A Parent’s Perspective
I was speaking to a young Catholic father recently about the difficulties and challenges he faces in trying to pass on the Faith to his four young children. He was feeling a bit overwhelmed and ill-equipped for the job, wondering how he could be more proactive and involved.
He’s feeling the increasing pressure in recent months as he struggles to juggle his career, household and family commitments. “What’s a Catholic parent to do these days?” he asked in exasperation.
Many parents are finding it even more of a hurdle as the work world, school world and family life all compete for the same space”
He felt that his children’s spiritual and faith development were at risk of being pushed to one side or being put into a lesser category of something that he and his wife could attend to at some later stage. He was feeling a bit guilty knowing that if parents don’t carve out a specific space in each day that’s devoted to God, it just won’t happen. Many parents are finding it even more of a hurdle as the work world, school world and family life all compete for the same space. It’s a wonderful development for mothers and fathers that they now have the new flexibility to work from home but strict boundaries need to be drawn up to stop the demands of their jobs or other commitments from interfering with their primary role of raising their children to know and love God.
When it comes to helping his children to love God and deepen their knowledge of their Christian faith, I think this young dad ended up answering his own questions about what to do. It’s based on a bit of advice that applies in all areas of life and is often presented by some guru or other. It simply involves getting back to basics. Just take a deep breath, forget the worry and stress of the day and focus on what can be done now, today, in the available time that you have.
You don’t need to reach your destination immediately as it’s a lifelong journey to holiness, not only for our children but for each and every one of us. God is our loving father, not a stern, punitive distant power who’s waiting for us to mess up. Even the smallest toddler can understand that simple concept of a loving father who cares for us through all the ups and downs of life, even during scary pandemics when everything seems so different. The father I was chatting to recalled the words of Jesus telling us that “My yoke is easy and my burden is light” and reminded himself that being a good Catholic father doesn’t have to be so difficult. In fact, it’s a great source of joy to be the leading light in your child’s life and to have been given such a key role.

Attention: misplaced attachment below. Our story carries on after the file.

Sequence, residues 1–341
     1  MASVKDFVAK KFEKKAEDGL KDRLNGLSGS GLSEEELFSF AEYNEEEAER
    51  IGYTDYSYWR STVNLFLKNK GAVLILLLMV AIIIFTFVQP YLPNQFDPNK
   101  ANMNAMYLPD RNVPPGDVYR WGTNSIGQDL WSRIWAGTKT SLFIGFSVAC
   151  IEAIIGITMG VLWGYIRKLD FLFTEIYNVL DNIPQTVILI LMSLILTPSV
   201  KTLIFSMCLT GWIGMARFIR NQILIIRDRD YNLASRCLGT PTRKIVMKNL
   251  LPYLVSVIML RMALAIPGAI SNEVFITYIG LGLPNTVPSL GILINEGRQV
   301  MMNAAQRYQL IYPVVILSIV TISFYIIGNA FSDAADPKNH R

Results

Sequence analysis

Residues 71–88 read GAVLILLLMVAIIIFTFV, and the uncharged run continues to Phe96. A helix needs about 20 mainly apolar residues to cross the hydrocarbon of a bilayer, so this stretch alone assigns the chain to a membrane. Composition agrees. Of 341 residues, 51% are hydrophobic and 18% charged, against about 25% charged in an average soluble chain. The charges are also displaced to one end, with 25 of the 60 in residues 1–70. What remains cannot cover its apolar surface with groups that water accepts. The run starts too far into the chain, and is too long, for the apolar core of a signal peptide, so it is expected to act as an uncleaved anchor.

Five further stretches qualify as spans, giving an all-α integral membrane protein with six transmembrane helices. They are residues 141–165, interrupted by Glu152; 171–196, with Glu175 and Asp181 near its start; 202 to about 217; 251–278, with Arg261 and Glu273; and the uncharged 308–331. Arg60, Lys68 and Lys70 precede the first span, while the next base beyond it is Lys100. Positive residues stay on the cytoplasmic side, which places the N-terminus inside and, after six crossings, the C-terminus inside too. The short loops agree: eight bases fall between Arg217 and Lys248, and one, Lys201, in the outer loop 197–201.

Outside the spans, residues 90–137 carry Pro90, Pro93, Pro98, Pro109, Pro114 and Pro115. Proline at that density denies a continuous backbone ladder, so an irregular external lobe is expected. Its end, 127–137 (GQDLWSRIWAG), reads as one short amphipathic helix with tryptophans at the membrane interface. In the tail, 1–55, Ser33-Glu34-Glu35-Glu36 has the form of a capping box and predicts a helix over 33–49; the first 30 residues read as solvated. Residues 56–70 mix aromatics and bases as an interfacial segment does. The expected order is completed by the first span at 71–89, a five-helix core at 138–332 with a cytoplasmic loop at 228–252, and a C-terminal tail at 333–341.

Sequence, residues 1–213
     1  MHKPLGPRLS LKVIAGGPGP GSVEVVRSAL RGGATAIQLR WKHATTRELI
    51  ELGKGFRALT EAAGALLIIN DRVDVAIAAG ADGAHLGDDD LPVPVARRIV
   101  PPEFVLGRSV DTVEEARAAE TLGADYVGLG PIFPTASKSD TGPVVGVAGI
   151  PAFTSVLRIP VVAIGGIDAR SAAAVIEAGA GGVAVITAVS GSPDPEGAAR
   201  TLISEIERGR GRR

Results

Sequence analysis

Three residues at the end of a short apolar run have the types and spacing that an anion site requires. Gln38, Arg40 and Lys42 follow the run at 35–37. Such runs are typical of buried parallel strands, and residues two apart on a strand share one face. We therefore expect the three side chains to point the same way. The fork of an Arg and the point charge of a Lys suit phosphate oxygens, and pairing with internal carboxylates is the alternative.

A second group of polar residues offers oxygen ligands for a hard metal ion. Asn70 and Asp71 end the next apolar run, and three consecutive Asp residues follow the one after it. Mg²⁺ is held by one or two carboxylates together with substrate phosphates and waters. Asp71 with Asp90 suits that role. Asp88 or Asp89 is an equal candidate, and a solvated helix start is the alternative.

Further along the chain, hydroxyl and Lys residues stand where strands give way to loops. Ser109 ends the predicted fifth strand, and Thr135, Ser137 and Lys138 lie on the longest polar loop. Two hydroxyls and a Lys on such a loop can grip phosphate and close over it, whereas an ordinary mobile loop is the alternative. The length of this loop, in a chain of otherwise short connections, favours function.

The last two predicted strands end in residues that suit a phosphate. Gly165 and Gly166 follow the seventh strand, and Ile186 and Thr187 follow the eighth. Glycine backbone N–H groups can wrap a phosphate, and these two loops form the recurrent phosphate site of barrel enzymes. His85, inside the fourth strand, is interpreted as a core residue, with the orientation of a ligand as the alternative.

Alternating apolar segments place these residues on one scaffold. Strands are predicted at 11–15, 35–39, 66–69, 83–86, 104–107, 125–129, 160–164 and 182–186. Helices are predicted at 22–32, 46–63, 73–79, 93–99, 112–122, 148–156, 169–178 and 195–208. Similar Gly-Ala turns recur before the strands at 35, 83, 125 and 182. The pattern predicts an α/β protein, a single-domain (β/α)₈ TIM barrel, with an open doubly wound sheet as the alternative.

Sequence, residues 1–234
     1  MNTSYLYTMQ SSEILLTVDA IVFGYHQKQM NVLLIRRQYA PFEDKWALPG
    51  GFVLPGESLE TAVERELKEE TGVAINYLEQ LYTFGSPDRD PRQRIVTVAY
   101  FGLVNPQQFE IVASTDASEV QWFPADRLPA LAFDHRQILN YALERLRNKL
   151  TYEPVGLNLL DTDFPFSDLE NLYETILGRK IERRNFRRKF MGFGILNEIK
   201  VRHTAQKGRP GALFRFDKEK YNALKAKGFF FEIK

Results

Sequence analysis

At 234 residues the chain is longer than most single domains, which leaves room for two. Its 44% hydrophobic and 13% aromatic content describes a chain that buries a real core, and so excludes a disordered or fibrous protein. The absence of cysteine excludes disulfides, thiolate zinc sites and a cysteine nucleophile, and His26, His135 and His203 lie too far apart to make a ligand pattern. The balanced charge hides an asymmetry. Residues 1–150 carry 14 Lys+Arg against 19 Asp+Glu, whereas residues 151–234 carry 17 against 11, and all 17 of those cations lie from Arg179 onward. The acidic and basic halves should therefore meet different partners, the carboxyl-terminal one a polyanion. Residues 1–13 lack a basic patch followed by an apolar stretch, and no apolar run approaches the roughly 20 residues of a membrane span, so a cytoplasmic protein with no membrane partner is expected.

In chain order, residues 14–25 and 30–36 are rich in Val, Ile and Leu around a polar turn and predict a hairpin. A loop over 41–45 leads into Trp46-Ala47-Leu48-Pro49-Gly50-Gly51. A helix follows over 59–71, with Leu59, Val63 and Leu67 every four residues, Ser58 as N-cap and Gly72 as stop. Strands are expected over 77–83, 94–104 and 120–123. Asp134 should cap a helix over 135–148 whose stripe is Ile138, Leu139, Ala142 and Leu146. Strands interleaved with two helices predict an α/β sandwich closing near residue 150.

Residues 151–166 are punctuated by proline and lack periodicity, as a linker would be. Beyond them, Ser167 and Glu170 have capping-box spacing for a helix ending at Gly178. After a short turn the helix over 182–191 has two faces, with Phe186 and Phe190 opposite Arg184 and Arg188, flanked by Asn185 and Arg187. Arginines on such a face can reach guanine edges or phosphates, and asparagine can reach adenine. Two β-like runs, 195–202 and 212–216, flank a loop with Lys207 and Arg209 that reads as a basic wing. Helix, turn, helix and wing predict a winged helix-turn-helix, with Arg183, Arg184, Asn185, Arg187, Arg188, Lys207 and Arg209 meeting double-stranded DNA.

In the task of fanning the flames of faith in our children, we can turn to St Joseph, an ordinary man who was entrusted with the extraordinary task of being a loving father to Jesus. He can teach us the true values we need to stay close to Jesus and Mary and how to follow his example in cooperating with God’s plan in how we teach our children. In this ‘Year of St Joseph’, what better saint to unite ourselves to.
Pope Francis referred to him as “The carpenter of Nazareth” who was able to “turn a problem into a possibility by trusting in divine providence”.
I highly recommend that parents invest in the YOUCAT for Kids, a Catholic Catechism for parents and children. In the very beginning of this great book, it explains that believing in God means “I put all my trust in the one who loves me the most”. To pass on our love of God, we must let our children see how we love and trust him. We need to pray and to teach our children to pray. It doesn’t have to be a long session; start with 10 minutes at the table, maybe after dinner while everyone is there. Children follow our example so let them see us saying our morning and night prayers; turning off the mobile phone and reading the Bible; going to Mass and Confession and trying to grow in virtue.
A great incentive to look into is exploring the lives of the saints and encouraging children to emulate their favourite ones”
Most of all, make God a part of every day and focus on the fact that in the words of Pope Benedict XVI: “We are only Christians if we encounter Christ.” We do that when we pray, read about Jesus in the Gospels and take an active part in the liturgical life of the Church which is centred on the Holy Eucharist and the sacraments. It’s difficult at the moment but, when the opportunity arises, bring children to Mass even when they’re small. Take them into the church for visits and get involved with parish and Catholic events that are family orientated. All children love to light a candle and pray for their special requests and the lovely older churches usually have beautiful shrines and statues of the better-known saints. A great incentive to look into is exploring the lives of the saints and encouraging children to emulate their favourite ones. How we, as parents, conduct our own lives is the greatest influence of all in our children’s formative years. It may seem like too great a responsibility at times but it’s a privilege and a great treasure to be honoured with helping to give our children the greatest gift they will ever have.